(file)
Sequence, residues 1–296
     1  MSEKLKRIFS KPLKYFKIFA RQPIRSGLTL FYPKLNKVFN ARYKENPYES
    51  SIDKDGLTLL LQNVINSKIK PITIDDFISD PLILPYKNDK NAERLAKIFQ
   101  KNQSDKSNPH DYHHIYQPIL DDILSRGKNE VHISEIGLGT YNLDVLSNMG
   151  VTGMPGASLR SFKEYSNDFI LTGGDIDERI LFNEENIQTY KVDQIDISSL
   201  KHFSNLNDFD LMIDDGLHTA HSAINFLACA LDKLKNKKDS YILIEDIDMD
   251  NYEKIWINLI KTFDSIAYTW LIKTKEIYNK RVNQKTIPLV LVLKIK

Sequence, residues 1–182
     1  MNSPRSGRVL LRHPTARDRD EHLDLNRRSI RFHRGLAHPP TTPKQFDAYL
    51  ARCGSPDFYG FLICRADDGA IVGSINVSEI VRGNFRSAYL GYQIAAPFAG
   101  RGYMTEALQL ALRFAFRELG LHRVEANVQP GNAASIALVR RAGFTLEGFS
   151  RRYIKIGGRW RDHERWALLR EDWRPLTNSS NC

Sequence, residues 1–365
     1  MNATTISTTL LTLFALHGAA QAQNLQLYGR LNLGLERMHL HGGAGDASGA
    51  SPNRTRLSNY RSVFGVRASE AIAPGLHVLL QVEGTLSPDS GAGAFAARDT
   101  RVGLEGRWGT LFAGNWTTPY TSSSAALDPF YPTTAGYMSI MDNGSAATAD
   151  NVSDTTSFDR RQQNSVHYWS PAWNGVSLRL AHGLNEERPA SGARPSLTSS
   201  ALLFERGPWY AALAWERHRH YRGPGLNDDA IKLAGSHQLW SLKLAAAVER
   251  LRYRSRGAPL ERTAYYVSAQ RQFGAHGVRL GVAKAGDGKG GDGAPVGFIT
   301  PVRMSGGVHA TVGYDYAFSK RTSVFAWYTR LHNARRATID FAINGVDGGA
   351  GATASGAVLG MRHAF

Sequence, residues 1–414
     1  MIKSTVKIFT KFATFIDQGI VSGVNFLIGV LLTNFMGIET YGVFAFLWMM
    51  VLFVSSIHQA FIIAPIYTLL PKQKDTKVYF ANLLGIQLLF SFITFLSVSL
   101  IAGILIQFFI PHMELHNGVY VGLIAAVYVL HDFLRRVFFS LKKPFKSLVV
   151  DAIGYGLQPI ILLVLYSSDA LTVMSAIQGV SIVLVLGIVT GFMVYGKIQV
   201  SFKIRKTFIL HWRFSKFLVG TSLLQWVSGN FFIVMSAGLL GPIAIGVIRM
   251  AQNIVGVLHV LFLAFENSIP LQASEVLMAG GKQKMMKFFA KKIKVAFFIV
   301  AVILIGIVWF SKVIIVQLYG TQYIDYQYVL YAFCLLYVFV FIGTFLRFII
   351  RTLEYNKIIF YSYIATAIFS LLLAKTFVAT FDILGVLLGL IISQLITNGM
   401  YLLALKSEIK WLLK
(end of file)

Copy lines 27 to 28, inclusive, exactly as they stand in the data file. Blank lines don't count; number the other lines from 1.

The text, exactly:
   201  SFKIRKTFIL HWRFSKFLVG TSLLQWVSGN FFIVMSAGLL GPIAIGVIRM
   251  AQNIVGVLHV LFLAFENSIP LQASEVLMAG GKQKMMKFFA KKIKVAFFIV